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Five things to quit before January for a productive start to the school year [backed by science]

 

Do you want to master the 24 hours you have in a day? And make the start of the new school year the most productive ever? 

Often we know what we *should* be doing. But it can be difficult to put it in to practice. Adding more tasks to your to-do list can make things harder - even if they’re supposed to help. The more we have in front of us, the easier it becomes to panic and the harder it becomes to rationalise everything we have to do. We might end up working on counterproductive tasks  - simply because they’re in front of us. 

The fascinating thing about being productive is that you need to be selective about what you do. Stacking on more tasks will eventually cause your productivity to lower.  So if adding more to the to-do list makes productivity harder,  let’s flip the equation. Instead of habits to start, here are four things to stop doing in January to help your productivity soar. 

 

1. “Winging” it
Remember that group presentation you had at the end of last year? Do you recall that one group member saying ‘I’m just going to wing it!’? Chances are it didn’t go so well for them, right? Those annoying ‘high achieving’ people that always succeed are often working in a way that is proactive, rather than reactive. You may think that they’re simply just gifted, but more often than not they prepare for tasks so well that when their performance arrives they’ve left themselves no room to fail. Like that old saying goes: ‘fail to prepare, then prepare to fail.’ So, if you want to succeed, don’t wing it.  Keep the end goal in mind, that feeling of achievement will be worth the hard work. 

 

2. Skipping meals to get stuff done
Did you forget to eat for 24 hours purely to get your project in on time? Forgetting to eat meals throughout the day can have detrimental effects on your concentration and cause you to be less productive in the long run. Keep yourself in check by writing reminders and setting allocated break times. Setting reminders or scheduling your day around your meals will help you to see food as a priority rather than a task.

3. Skipping breaks
Did you hear that one friend bragging that they worked solidly through the night to get their homework done?

But, on the other side, did you hear about that friend that got 8 hours of sleep, took regular breaks throughout the day and has a lot of spare time to play sports and see their friends? Probably not, because they’re keeping quiet.  I wonder who actually produced higher quality work at the end of it? Not sleeping really does lower your energy massively and depletes your levels of concentration, it’s even been compared to the effects of being under the influence of alcohol. Making sure you’re sleeping properly and taking regular breaks should be your first priority, this, in turn, will improve your quality of work and help you to excel in the long run.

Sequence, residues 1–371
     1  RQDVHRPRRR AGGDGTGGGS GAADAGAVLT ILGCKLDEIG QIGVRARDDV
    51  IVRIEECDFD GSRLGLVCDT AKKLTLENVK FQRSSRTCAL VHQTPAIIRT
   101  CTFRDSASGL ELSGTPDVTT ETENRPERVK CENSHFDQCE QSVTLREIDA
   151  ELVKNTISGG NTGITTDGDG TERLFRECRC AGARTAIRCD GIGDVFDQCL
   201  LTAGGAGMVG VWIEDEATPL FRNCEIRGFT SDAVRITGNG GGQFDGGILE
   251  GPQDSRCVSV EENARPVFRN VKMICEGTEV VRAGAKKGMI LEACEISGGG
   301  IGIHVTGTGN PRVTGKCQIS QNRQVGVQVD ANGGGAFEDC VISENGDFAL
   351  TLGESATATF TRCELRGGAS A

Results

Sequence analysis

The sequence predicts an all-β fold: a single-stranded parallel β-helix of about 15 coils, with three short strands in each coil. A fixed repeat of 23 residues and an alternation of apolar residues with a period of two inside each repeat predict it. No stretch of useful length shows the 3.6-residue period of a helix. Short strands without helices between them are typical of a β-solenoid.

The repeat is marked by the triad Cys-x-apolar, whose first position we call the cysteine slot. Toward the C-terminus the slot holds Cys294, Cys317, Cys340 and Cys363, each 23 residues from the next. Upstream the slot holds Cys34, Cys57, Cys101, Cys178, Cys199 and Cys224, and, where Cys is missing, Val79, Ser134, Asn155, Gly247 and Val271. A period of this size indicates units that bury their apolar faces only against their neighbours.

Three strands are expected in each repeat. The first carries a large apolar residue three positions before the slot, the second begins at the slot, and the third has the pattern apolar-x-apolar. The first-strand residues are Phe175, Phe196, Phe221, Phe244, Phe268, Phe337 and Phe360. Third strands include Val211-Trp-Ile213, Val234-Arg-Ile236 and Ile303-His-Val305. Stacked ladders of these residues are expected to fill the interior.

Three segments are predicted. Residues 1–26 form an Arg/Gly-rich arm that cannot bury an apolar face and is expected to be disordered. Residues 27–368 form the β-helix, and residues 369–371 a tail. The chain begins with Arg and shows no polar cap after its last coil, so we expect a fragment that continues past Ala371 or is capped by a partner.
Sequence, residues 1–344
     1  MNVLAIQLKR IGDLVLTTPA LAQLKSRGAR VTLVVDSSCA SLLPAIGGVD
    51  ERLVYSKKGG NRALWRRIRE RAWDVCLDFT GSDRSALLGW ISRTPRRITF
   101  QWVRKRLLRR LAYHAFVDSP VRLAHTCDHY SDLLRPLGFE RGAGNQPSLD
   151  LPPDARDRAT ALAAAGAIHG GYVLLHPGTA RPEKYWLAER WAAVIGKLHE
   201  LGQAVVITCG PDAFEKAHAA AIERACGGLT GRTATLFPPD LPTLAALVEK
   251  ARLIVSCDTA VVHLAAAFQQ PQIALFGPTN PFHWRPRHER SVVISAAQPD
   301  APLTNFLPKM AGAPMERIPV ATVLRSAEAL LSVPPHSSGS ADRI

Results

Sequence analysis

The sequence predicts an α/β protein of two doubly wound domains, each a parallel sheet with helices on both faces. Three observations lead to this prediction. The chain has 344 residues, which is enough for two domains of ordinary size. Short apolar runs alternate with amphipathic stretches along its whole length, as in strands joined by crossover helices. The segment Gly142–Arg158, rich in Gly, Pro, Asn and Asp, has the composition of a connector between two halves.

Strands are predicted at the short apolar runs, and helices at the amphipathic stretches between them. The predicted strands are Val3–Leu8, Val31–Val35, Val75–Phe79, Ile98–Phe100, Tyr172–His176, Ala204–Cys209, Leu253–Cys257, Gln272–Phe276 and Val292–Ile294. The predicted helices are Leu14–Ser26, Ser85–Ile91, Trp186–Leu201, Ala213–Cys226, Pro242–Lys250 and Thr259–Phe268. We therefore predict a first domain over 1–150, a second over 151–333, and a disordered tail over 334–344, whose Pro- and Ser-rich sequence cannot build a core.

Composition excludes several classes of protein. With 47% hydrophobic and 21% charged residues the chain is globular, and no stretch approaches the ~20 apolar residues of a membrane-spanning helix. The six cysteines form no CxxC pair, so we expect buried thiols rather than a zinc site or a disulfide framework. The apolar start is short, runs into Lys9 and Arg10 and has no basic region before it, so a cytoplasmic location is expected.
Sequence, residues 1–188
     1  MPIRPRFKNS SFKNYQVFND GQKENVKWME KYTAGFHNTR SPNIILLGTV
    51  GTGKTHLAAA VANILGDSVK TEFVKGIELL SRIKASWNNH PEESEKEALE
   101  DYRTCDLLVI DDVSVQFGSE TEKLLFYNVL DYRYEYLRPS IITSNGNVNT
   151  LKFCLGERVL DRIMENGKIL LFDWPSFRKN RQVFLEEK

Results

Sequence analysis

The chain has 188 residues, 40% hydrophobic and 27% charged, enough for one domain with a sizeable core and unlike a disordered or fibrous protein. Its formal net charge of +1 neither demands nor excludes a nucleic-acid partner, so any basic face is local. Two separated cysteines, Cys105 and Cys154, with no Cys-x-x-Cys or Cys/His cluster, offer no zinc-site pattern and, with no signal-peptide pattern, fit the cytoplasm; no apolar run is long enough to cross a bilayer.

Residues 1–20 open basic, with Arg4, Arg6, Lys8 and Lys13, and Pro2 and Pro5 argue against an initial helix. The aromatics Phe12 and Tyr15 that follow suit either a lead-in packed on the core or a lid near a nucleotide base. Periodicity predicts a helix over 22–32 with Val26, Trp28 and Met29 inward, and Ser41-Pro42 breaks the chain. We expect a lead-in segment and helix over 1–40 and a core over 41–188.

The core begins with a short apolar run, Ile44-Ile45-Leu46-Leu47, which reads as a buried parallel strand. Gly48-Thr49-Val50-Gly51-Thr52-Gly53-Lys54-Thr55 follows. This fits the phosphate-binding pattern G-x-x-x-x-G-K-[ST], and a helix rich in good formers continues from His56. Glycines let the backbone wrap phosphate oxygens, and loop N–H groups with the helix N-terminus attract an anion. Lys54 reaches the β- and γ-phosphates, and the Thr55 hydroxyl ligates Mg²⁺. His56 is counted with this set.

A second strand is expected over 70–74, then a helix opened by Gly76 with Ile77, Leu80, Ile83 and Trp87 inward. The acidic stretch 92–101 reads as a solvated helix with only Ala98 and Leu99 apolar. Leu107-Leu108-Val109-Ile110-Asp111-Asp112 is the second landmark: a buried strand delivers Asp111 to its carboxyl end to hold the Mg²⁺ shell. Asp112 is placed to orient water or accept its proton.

4. Constantly checking social media
FOMO is a real thing and this is more real than ever when it comes to checking social media. Millions of us keep our social media accounts live on our phone 24 hours a day, but doing so will seriously sap your time and energy from the day. This is probably the hardest one because this generation is absorbed by social media, and we’re all guilty of it. So,  make a promise to yourself to regulate your social media checking to just a few times a day and set a time limit on it. Rather than mindlessly scrolling, set aside 10 minutes, to check social media and as soon as that 10 minutes is up, be strict with yourself and put the phone away. Spending time with people in the real world will be far more rewarding than indulging in avatars behind a screen.


5. Being negative
We all love a moan, it’s part of being human, but you don’t want to get a reputation for being a glass half empty type of person. According to scientists in Japan, when our thoughts are negative, we colour everything we see with negativity and make it far harder for ourselves to achieve success. So, try to see the positives in everything, it can help to keep a note of everything you are grateful for, a ‘gratuity’ diary, this helps you to hold yourself accountable and rationalise all of the good things you have, rather than focusing on the bad. They say that repeating something for 21 days, creates a habit, so make this day one and in three weeks time acknowledge whether your productivity has increased.

The productivity paradox…

Naturally, we see productivity as getting as much done as possible, which means spending more time and effort on tasks. However, this is the paradox, in order to achieve greater things, you need to focus on less. 

Invest your energy into the goals that matter most. Dedicate a set amount of time for relaxation. You will see that when you’re selective with your efforts rather than spreading yourself thin, the quality of your work will improve and you will have more time to do the things you love. 

 








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